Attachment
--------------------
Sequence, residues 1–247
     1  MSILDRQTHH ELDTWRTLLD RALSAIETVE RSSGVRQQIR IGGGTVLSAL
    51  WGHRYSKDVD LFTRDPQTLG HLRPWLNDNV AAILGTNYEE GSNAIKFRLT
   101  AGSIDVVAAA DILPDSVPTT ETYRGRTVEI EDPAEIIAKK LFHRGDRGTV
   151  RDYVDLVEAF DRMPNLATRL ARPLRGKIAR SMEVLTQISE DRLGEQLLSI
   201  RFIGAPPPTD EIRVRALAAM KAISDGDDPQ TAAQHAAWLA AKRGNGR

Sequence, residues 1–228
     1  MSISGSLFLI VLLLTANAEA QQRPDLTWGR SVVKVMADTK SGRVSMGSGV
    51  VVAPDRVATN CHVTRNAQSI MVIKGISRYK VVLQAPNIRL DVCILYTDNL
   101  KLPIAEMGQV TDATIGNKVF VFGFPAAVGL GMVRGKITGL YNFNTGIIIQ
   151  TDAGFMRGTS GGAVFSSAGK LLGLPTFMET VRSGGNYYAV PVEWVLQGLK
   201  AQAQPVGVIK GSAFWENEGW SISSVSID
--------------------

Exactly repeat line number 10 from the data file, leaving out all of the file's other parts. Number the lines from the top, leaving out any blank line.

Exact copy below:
   101  KLPIAEMGQV TDATIGNKVF VFGFPAAVGL GMVRGKITGL YNFNTGIIIQ